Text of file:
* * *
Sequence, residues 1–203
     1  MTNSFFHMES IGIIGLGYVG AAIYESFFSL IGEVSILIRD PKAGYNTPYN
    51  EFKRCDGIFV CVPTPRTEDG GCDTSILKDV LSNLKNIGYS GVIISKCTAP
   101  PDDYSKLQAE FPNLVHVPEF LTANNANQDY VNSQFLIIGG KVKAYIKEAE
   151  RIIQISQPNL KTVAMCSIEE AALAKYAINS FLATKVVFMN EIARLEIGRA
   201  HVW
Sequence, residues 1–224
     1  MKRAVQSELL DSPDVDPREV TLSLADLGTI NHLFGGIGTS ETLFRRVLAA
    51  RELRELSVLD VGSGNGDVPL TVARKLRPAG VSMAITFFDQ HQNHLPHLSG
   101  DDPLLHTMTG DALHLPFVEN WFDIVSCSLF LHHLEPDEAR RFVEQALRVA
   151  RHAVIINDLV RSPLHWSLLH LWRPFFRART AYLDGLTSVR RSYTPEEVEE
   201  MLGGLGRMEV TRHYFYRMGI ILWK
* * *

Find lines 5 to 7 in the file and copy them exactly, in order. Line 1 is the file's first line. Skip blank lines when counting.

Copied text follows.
   151  RIIQISQPNL KTVAMCSIEE AALAKYAINS FLATKVVFMN EIARLEIGRA
   201  HVW
Sequence, residues 1–224